My 5 Rules for Family Dinner

family dinner

Family + Conversation + Eating – technology = Dinner FUN!

There has been an abundance of research done on family dinners and their importance for your health. Sitting around the dinner table, having positive interactions works against childhood obesity and works for better health and sometimes even helps outgrow the dramatics of a picky eater. Today I’m going to outline Lindsey’s Dinner Rules and why our family dinners are a MUST. Before you say “wow she is crazy with all these rules”, hear me out! There is actual research on family dinners and how they can impact your health and the health of your children.

One

Dinner is served at 6 (ok, sometimes 6:15). Creating that routine helps kids know what to expect. Dad gets home from work, we play and then we eat. We eat at home most nights, which is also great for weight control because I know exactly what is going into the foods we eat. I love recipes like enchiladas or baked ziti because I can make then ahead of time (like while the baby is napping) and then pop it in the oven just before it’s time to eat. If you are a working parent, it’s time to get out the crock pot and start dinner before you leave for work. Prepping foods ahead of time is the number one time saver when the dinner time chaos begins.

Two.

No cell phones at the table. I’ll be the first to admit, I am on my cell phone when I shouldn’t be. But I’m pretty strict about no phones at the table. We leave them in the other room and on silent. I love that our dinner conversations are technology free and its the best time of the day for family bonding. We talk about our day, exciting things coming up in the future and we laugh about how silly my one-year-old is when he eats. We talk about the best part of our day and the worst part. I love it. Don’t get me wrong though, we do have a 4-year-old who can be pretty dramatic – so it’s not rainbows and unicorns every night – but we give it a try anyways.

Three.

Collaborative menu planning. Every Sunday, while we are playing with the kids, I get out my giant scrapbook style cookbook and a sheet of paper and plan out our dinners for the week. It is SO important to carve out some time for menu planning. Preparing what you are going to eat for the week is crucial for weight loss and weight management because it helps you avoid the last-minute “oh no! what are we going to eat tonight? Let’s make a Chipotle run”.

My necessities for meal planning:

  • cookbook
  • grocery list
  • meal planning list
  • calendar
  • weather app
  • a cup of coffee (or 2!)

I look at the calendar to see if we have anything coming up. If I know my husband will be working late one night, I choose an easy dinner to make since I will be cooking it while playing with the boys. I check the weather to see which day would be best for grilling out (I’m so nice, I don’t make my husband grill out in the rain). I write out my meals for the week and also write out my grocery list simultaneously. I always ask for input from the boys. I love letting my 4-year-old pick out a meal – that way when the day comes for his meal, he is super excited!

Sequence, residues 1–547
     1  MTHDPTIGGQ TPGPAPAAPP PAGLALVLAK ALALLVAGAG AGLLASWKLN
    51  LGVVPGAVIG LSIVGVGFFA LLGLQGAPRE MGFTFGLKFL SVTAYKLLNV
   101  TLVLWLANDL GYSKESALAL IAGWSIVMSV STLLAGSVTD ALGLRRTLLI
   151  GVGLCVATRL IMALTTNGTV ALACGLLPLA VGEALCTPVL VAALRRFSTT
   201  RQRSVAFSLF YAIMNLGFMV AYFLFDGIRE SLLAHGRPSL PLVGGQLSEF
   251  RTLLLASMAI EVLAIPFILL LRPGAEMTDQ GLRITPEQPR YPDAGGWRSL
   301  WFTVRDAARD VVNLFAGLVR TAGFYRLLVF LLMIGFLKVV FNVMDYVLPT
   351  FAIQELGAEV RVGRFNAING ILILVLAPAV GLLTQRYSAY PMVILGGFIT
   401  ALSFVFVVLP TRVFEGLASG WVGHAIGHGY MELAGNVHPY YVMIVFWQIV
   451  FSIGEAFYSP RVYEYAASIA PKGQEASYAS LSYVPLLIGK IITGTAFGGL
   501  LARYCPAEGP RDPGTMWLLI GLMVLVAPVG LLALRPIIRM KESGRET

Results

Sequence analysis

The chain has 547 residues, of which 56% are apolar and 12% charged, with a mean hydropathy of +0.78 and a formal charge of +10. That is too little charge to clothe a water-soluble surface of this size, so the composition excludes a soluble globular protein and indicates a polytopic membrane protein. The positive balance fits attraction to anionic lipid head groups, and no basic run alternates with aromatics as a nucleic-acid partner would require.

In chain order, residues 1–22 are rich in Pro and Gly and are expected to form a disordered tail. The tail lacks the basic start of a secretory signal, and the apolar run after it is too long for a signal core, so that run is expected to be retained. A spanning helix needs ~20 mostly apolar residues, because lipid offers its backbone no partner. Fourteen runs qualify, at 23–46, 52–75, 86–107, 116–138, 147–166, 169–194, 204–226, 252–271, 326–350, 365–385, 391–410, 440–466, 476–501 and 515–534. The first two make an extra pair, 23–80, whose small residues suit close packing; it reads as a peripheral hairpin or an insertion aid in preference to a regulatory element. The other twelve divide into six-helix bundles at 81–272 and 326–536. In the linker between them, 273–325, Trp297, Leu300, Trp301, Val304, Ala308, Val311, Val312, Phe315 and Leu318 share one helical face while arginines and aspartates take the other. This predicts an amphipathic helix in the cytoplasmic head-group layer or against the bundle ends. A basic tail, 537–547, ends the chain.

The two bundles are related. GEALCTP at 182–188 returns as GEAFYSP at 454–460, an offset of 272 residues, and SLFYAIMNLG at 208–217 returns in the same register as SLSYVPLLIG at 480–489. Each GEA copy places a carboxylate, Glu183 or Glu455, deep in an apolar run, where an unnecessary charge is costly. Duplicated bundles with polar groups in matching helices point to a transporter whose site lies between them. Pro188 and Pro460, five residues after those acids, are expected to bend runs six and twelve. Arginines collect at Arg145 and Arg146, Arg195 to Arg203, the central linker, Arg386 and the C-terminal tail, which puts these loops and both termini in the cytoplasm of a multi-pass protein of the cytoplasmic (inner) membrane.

Four.

I am NOT a short order cook. I make one meal and one meal only. I’ve been doing this from day one with my family. I remember growing up, my mom would make everyone a different meal. In hindsight, I know she was trying to be a good mom by attempting to make us all happy, but I remember it being very stressful for her. In an attempt to avoid stress and avoid picky eaters, I have always only made one meal. Eat it or don’t, but I’m not making anything else. I’m also a big believer in not serving “kids meals” at home. We save the chicken fingers for nights out when they can order whatever they want. At home, we all eat the same thing. I’m proud to say that both of my kids love grilled chicken, filet mignon, lasagna, and spaghetti and meatballs.

One other thing that sometimes works against us: If My 4-year-old eats well (we don’t force him to clear his plate), he gets 30 minutes of playing the Wii before bed (it IS a video game, but he is sweating by the time he is done playing because he is so active with it, so I’m ok with it). If he doesn’t eat, it is understood that he won’t play, but that does come with some meltdowns. We do not do dessert every night. On special occasions, we will go outside and have a popsicle on the porch, but it’s not daily. Don’t let sugar (or the lack thereof!) dictate how your dinner is going to go.

Five.

Responsibility and Manners. Mealtime is a great time for teaching these fundamentals. My 4-year-old helps to set the table and helps to clear the table. He is learning to understand what goes into making a meal for the family and enjoys to help clean up. We talk about how we stay seated until the meal is over and that dinner is for eating, not for walking around or playing with toys.

With that being said, we like to switch things up every now and then and have a picnic dinner in the basement while we watch a movie (or a UK basketball game). It’s fun to get out of the normal routine and do something fun – and the kids love it!

 

So there you go. Those are the 5 main fundamentals behind our family dinners. I’m NOT perfect – we definitely have those nights of crying at the table (from my 4-year-old – although sometimes I cry internally 😂) but we try – and that’s all you can ask for! The main takeaway is to try to create that routine with your family and see what happens! Not only will you be taking a positive step towards a great family activity, but research shows routine family meals helps to decrease childhood obesity and encourages weight loss in adults. So GO FOR IT!

Lindsey

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